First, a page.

Diet s Double Impact Mason Study Reveals Link Between Nutrition Diabetes Mental Health


In a recent study conducted by Mason researchers, it was revealed that individuals with diabetes are two to three times more likely to experience depression compared to those without diabetes, according to data from the Centres for Disease Control. The research delved into the complex interplay between nutrition, mental health, and diabetes, shedding light on the significant impact of dietary choices on both conditions.

Assistant Professor Raedeh Basiri led two literature studies aiming to unravel the intricate relationship between poor nutrition, the likelihood of acquiring Type 2 diabetes, and its impact on mental health, including anxiety and depression. The findings underscore the bidirectional nature of the connection, indicating that mental health issues can increase the risk of Type 2 diabetes, and, conversely, diabetes raises the likelihood of developing depression and anxiety. Nutritional interventions were identified as potential strategies for addressing both health concerns.

Basiri emphasised, “Our findings underscore the pivotal role of dietary choices in reducing the risks associated with both diabetes and mental health. The implications of these findings extend beyond the scientific community, as they hold promise for informing public health policies, health care practices, and dietary recommendations that can positively impact the general population.”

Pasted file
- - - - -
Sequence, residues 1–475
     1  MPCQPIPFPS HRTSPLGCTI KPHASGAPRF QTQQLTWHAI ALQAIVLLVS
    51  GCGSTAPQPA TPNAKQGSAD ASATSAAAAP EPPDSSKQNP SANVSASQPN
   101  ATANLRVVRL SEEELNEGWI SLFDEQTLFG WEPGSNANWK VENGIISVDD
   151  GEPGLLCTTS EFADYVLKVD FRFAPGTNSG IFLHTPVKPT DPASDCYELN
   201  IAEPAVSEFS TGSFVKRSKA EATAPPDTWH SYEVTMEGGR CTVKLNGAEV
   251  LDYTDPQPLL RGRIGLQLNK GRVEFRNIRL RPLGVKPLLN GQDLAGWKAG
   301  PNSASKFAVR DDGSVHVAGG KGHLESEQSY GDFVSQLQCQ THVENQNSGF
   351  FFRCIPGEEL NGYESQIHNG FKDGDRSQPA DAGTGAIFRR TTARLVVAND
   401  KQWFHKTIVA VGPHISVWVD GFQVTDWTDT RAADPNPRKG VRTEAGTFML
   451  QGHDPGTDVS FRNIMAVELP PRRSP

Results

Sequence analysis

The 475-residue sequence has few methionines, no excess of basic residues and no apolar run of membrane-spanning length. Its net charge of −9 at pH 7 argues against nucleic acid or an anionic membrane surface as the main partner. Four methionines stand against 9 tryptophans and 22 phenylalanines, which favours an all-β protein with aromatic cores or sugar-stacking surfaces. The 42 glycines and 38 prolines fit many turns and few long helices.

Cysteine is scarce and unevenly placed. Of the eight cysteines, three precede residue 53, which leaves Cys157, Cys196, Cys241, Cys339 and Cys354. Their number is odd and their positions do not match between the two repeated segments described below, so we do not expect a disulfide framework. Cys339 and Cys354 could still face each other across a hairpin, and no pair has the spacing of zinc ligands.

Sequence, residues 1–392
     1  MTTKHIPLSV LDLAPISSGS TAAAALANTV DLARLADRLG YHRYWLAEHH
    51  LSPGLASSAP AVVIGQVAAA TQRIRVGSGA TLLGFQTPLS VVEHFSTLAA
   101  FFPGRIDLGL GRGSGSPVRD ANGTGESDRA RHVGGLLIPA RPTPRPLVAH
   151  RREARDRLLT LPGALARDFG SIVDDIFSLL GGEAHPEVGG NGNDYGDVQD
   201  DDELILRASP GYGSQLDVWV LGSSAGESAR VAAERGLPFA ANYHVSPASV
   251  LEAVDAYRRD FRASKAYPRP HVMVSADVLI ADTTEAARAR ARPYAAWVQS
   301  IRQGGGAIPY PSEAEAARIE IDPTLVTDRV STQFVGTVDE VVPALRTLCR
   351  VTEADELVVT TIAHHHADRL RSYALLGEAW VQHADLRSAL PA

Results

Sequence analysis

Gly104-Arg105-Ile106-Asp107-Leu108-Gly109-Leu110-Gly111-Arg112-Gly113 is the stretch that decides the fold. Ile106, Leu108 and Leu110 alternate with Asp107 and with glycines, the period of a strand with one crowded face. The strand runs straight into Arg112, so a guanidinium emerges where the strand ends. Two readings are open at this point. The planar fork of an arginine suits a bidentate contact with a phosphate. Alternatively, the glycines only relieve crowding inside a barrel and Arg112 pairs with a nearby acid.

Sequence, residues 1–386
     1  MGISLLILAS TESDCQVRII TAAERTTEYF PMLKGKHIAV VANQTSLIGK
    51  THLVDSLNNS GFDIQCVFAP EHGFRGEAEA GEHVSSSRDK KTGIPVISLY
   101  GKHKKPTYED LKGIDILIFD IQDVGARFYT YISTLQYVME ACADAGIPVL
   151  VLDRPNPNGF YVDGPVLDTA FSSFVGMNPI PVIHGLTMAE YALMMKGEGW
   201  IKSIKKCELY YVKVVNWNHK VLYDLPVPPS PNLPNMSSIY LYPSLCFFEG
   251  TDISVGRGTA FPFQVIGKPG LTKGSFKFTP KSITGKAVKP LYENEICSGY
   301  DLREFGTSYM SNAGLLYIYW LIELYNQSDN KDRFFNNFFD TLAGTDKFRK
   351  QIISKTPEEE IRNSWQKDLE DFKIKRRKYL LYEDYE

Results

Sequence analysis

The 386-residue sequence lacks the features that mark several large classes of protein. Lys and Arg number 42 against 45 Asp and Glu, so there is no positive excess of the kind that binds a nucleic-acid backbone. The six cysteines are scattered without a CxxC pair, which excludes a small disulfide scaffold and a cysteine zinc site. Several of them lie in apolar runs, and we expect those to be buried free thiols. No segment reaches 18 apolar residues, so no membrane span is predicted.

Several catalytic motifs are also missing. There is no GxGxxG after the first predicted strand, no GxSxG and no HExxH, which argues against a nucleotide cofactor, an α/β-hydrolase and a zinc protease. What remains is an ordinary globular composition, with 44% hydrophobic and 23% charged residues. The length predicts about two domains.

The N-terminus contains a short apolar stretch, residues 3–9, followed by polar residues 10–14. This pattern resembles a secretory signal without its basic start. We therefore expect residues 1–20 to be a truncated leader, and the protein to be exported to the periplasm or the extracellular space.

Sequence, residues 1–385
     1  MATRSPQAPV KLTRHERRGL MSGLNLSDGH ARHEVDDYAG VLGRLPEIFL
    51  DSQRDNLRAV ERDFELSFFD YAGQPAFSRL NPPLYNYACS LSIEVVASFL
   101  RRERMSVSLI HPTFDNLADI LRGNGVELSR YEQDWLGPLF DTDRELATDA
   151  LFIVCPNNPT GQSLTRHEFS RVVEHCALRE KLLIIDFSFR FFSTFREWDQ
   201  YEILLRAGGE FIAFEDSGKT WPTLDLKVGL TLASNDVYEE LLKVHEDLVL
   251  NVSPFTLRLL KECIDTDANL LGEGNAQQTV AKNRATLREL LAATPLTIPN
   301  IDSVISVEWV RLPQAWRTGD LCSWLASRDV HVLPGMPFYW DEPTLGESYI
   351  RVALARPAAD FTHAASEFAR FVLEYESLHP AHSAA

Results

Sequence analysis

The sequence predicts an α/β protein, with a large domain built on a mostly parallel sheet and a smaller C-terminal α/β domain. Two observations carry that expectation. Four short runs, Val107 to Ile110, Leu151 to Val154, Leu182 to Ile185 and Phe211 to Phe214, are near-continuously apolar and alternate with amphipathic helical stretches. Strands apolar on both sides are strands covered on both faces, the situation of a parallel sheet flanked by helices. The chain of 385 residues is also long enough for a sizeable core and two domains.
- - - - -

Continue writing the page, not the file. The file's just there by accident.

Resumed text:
The research aims to empower individuals to make informed and health-promoting dietary choices, serving as a proactive strategy for the prevention and management of diabetes, as well as anxiety and depression.

Specifically, the study highlights the association between a diet rich in fresh fruits and vegetables, whole grains, lean protein, and low-fat dairy with a reduced risk of type 2 diabetes and mental health disorders such as depression and anxiety. Conversely, a diet high in processed foods was found to increase susceptibility to type 2 diabetes, depression, and anxiety.

Furthermore, the research team identified that a diet lacking essential nutrients, such as omega-3 fatty acids, vitamin D, vitamin E, vitamin B6, vitamin B12, folate, selenium, chromium, and magnesium, is associated with exacerbated symptoms in both mental health and the development of Type 2 diabetes. This underscores the importance of nutrient-rich dietary choices for overall health and well-being.

“Current scientific evidence underscores the potential benefits of adopting a well-balanced dietary regimen in decreasing anxiety and depression symptoms while enhancing glycemic control in individuals with diabetes,” concluded Basiri.



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